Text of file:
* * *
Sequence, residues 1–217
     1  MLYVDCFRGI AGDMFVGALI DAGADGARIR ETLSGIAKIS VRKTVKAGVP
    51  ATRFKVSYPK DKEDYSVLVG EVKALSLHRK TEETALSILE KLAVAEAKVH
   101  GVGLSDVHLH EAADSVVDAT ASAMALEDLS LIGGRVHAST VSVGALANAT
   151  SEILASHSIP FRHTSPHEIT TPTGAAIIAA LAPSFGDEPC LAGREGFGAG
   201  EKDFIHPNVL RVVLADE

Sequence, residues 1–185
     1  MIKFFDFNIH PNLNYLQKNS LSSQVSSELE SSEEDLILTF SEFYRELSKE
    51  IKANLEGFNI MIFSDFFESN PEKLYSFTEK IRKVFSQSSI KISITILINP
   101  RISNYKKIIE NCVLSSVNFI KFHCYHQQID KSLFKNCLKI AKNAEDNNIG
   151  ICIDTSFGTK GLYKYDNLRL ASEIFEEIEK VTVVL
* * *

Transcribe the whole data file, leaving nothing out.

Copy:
Sequence, residues 1–217
     1  MLYVDCFRGI AGDMFVGALI DAGADGARIR ETLSGIAKIS VRKTVKAGVP
    51  ATRFKVSYPK DKEDYSVLVG EVKALSLHRK TEETALSILE KLAVAEAKVH
   101  GVGLSDVHLH EAADSVVDAT ASAMALEDLS LIGGRVHAST VSVGALANAT
   151  SEILASHSIP FRHTSPHEIT TPTGAAIIAA LAPSFGDEPC LAGREGFGAG
   201  EKDFIHPNVL RVVLADE

Sequence, residues 1–185
     1  MIKFFDFNIH PNLNYLQKNS LSSQVSSELE SSEEDLILTF SEFYRELSKE
    51  IKANLEGFNI MIFSDFFESN PEKLYSFTEK IRKVFSQSSI KISITILINP
   101  RISNYKKIIE NCVLSSVNFI KFHCYHQQID KSLFKNCLKI AKNAEDNNIG
   151  ICIDTSFGTK GLYKYDNLRL ASEIFEEIEK VTVVL